6. Language in everyday life: The use of language in everyday life, e.g. education, broadcasting, and other
At the beginning of the 1990s, there was an abundance of qualified teachers for all levels and types of schools, as well as administrative personnel, all of whom were accredited by a special committee of the Ministry of Education. All public schools had uniform curricula; the preparation of school textbooks was the responsibility of committees of teachers and administrators, working in close cooperation with educational authorities in Greece. Some instructional material for both primary and secondary education was donated by the Greek government. Cypriot schools were also well provided with modern teaching equipment.
The Greek Cypriot education system consisted of preprimary and primary schools, secondary general and secondary technical/vocational schools, and special schools for the blind, deaf, and other teachable handicapped persons. In addition, there were institutions for teacher training, specialized instruction, and informal education. As of 1990, there was no university in the Republic of Cyprus. Until one was opened in the early 1990s, further studies had to be pursued abroad. There were a small number of private schools.
Updated (December 2003)
Currently in the Republic of Cyprus, there are 6 island-wide and 5 local television channels, 10 island-wide and 30 local radio stations and one news agency. Apart from the public broadcasting stations, the commercial and printed media do not take any visible measures in regard to the specific needs of the linguistic minorities living on the island.
According to the CYBC Department for Broadcasting in the Turkish, Armenian and other languages, programs in Turkish are broadcast every day between 6am and 5pm. During these eleven hours a specific CYBC Radio Channel broadcasts three news bulletins, regular reviews of the Greek press, and a wide variety of informative programs on political affairs, economy, women’s issues, culture, art, musical entertainment and lessons for learning the Greek language.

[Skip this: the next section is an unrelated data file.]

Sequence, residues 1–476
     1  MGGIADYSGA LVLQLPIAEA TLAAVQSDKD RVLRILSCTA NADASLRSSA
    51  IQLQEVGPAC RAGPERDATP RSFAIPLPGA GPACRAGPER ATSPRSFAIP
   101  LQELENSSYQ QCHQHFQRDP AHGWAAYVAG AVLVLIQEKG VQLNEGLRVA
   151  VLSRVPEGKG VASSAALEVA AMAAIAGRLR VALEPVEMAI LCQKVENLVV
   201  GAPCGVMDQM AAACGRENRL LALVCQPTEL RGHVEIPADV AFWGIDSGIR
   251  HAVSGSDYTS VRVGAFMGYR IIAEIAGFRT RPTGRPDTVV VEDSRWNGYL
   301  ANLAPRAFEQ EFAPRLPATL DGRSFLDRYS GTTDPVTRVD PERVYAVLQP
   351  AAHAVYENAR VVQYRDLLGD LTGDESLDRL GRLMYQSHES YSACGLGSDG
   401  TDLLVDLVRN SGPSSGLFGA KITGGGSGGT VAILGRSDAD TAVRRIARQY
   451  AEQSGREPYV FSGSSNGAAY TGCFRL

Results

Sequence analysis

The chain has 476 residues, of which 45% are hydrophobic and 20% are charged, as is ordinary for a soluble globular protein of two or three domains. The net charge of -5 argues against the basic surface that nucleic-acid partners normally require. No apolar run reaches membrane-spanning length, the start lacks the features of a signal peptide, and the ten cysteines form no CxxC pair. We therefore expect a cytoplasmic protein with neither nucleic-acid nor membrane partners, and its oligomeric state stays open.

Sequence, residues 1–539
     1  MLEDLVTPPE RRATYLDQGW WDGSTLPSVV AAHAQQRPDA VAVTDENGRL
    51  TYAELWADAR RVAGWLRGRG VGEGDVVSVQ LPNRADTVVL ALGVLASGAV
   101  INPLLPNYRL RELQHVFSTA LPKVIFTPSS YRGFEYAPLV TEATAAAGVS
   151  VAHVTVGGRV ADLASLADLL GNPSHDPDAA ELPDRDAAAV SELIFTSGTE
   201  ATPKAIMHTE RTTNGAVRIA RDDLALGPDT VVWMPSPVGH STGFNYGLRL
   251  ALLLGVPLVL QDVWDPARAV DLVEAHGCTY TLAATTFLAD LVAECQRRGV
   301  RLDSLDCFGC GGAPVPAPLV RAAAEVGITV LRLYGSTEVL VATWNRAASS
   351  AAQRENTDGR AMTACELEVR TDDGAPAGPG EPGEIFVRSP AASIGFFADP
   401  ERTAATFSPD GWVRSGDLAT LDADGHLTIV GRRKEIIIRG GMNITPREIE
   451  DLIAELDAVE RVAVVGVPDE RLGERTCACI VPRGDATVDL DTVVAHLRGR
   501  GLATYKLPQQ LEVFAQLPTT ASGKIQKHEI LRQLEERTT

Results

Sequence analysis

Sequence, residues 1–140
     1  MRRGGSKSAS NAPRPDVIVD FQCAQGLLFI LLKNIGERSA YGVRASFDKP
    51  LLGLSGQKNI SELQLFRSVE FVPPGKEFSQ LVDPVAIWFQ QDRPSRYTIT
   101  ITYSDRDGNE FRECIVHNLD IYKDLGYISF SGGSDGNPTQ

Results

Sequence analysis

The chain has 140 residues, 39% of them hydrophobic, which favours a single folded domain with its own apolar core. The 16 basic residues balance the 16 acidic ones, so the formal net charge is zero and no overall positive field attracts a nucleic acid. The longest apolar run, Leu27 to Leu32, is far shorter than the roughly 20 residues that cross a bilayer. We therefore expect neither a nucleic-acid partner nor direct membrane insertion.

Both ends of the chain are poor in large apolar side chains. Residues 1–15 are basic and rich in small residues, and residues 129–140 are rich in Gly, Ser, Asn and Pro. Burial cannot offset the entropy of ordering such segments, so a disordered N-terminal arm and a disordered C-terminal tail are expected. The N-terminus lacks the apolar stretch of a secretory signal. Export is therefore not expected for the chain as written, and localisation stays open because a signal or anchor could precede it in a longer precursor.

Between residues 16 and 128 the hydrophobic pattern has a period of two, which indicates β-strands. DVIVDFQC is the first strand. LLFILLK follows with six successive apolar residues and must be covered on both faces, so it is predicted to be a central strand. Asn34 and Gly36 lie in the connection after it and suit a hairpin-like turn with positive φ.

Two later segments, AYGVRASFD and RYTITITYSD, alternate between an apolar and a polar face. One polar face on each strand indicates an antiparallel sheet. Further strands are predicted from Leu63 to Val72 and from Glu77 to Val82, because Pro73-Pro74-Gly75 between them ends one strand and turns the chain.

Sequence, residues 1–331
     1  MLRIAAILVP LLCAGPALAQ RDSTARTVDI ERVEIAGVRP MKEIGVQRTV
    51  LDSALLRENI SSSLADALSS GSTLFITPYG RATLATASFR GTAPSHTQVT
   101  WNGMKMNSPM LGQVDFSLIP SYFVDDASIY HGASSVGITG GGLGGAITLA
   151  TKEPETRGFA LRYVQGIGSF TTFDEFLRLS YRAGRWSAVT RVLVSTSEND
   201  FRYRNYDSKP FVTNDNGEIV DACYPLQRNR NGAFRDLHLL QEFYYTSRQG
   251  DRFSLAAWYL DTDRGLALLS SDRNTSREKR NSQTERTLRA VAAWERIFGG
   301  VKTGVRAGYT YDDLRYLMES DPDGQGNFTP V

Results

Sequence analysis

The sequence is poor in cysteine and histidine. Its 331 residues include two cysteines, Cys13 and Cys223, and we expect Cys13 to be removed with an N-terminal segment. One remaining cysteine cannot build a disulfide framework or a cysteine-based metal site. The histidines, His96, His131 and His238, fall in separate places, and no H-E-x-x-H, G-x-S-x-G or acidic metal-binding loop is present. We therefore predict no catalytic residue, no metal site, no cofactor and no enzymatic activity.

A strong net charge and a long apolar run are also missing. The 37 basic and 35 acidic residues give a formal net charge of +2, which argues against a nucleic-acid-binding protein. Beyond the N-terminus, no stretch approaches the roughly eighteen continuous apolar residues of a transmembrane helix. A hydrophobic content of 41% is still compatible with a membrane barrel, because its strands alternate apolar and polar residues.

A CYBC Television Channel also broadcasts in the Turkish language, every day a news bulletin and every Tuesday and Friday two short informative programs.
An hour-long radio transmission in the Armenian language begins every day at 5pm. These programs include news bulletins three times per week, women’s issues, programs for children, literature, and Armenian music.
For the religious groups of the Maronites and the Latins, there are two short programs in the Greek language every Saturday afternoon. Since June 27, 1999, the CYBC has also transmitted a program for Maronites, entitled “The Voice of Maronites.” In addition, a program for the Latins started on November 13, 1999.
Every day from 6pm until midnight, the radio programs are broadcast in the English language (three 10-minute news bulletins, a live evening magazine and music). During summer seasons, there is an additional early-evening program for visitors to the island broadcast live in four languages.
Source: Minority-language Related Broadcasting and Legislation in the OSCE, Program in Comparative Media Law and Policy (PCMLP), Center for Socio-Legal Studies, Wolfson College, Oxford University & Institute for Information Law (IViR) (http://www.ivir.nl/index-english.html), Universiteit van Amsterdam (Study commissioned by the OSCE High Commissioner on National Minorities), April 2003, edited by T. McGonagle (IViR), B. Davis Noll & M. Price (PCMLP), http://www.ivir.nl/publications/mcgonagle/Minority-language%20broadcasting.pdf